Rhetoric as a Virtue: Quintilian, Institutio Oratoria 2.20

“There is a certain mataiotechnia, that is, an entirely idle imitation of art, which has nothing good nor bad about it, but fruitless labor, such as that of the man who threw chickpeas from a distance through a needle and without missing. When Alexander had seen this, he is said to have bestowed upon him a bushel of chickpeas, which was indeed a reward worthy of that work. To these kinds of frippery I would compare those who, in their declamations, which they want to be as dissimilar to the truth as possible, waste a lifetime with much study and labor. But this model of rhetoric, which we are trying to establish, and the image of which we have already taken up in our minds, which is fit for a good man and is truly rhetoric, this will be a virtue. ”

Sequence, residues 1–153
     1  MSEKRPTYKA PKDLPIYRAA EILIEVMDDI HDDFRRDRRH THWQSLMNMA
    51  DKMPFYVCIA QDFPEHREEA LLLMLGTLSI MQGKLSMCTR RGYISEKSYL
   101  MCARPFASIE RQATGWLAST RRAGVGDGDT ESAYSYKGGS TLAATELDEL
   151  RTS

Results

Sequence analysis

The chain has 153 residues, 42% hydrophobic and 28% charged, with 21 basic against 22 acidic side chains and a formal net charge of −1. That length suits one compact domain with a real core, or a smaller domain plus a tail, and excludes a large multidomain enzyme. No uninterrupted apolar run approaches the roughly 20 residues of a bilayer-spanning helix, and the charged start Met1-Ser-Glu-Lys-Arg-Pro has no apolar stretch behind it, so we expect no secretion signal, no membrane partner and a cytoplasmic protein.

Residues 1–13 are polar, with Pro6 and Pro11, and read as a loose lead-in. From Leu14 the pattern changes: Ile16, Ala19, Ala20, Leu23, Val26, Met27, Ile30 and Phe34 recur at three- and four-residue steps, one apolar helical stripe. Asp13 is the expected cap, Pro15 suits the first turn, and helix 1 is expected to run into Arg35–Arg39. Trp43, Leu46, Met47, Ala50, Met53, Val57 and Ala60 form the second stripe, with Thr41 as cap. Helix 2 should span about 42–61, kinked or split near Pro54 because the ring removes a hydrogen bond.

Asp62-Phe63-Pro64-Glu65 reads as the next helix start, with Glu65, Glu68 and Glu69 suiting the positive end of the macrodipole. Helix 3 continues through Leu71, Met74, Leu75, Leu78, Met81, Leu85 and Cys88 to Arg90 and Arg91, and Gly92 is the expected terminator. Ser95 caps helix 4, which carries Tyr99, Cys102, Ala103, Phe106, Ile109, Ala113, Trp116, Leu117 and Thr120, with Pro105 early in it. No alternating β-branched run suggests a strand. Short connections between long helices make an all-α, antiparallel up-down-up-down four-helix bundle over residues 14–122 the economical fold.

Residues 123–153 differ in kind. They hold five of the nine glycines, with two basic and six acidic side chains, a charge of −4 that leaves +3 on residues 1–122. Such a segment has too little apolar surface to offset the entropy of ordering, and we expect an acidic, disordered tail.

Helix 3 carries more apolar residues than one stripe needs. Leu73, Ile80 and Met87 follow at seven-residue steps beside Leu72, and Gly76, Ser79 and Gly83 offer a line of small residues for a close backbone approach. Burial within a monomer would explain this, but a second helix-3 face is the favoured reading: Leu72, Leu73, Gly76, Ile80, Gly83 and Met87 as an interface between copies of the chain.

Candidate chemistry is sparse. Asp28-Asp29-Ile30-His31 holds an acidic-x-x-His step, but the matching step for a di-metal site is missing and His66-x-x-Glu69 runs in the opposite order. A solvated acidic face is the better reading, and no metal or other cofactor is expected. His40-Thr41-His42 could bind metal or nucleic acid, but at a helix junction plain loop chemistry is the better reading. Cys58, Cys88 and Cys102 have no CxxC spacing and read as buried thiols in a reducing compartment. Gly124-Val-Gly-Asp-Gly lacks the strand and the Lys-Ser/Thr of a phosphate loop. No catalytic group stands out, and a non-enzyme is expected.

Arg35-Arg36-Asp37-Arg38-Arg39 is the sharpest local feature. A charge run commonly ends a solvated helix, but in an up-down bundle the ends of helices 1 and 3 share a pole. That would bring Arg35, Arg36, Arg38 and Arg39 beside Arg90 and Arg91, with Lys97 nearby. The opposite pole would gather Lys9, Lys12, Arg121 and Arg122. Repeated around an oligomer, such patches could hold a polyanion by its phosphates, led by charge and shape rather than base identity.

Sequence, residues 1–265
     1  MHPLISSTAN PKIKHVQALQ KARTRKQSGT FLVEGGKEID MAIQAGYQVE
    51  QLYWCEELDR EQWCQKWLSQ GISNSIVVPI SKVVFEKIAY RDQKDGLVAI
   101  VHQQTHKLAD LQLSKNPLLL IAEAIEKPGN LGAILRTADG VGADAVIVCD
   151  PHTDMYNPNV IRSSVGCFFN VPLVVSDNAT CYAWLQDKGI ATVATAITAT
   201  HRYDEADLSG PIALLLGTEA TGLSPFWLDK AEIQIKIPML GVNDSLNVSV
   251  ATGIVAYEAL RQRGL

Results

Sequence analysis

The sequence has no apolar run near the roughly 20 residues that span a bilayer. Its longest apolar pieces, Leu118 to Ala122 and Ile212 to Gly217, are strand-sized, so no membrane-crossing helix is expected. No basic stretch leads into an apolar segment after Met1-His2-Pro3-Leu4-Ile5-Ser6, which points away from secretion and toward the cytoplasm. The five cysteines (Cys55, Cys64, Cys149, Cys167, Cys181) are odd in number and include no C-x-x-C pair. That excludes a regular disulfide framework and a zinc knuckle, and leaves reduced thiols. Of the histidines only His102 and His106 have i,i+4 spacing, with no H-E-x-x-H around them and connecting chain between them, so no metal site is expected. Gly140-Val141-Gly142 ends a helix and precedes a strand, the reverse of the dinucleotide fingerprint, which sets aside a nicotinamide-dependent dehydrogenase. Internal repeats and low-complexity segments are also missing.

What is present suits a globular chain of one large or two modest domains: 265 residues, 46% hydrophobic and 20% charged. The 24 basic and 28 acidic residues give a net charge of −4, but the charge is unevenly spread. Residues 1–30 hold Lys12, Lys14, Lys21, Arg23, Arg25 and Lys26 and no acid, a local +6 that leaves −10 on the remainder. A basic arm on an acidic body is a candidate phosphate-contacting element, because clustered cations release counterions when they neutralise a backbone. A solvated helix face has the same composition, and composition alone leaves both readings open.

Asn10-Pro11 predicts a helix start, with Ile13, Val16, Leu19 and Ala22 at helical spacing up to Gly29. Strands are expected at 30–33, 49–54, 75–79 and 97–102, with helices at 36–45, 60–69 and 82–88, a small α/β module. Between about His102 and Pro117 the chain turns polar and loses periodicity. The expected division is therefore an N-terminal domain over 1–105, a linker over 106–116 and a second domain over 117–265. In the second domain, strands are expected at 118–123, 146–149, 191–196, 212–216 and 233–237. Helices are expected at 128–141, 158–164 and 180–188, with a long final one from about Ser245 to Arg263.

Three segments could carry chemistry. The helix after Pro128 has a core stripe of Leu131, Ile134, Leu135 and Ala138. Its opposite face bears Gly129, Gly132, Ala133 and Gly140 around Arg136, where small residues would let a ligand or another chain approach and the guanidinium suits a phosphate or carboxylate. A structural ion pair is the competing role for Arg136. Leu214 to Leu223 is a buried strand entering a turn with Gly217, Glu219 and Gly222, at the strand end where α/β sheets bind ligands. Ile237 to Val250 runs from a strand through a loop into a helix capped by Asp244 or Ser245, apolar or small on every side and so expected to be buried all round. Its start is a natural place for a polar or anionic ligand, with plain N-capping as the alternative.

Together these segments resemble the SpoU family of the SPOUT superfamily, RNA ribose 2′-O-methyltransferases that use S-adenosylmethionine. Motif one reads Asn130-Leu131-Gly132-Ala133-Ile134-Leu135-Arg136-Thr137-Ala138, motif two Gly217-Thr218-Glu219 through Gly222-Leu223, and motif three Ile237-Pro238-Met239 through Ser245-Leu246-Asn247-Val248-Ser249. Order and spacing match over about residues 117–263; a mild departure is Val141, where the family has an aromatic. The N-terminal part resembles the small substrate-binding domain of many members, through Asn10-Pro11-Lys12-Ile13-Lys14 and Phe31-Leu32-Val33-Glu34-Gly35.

Mataiotekhnia quoque est quaedam, id est superuacua artis imitatio, quae nihil sane neque boni neque mali habeat, sed uanum laborem, qualis illius fuit qui grana ciceris ex spatio distante missa in acum continuo et sine frustratione inserebat; quem cum spectasset Alexander, donasse dicitur eiusdem leguminis modio, quod quidem praemium fuit illo opere dignissimum. His ego comparandos existimo qui in declamationibus, quas esse ueritati dissimillimas uolunt, aetatem multo studio ac labore consumunt. Verum haec quam instituere conamur et cuius imaginem animo concepimus, quae bono uiro conuenit quaeque est uere rhetorice, uirtus erit.

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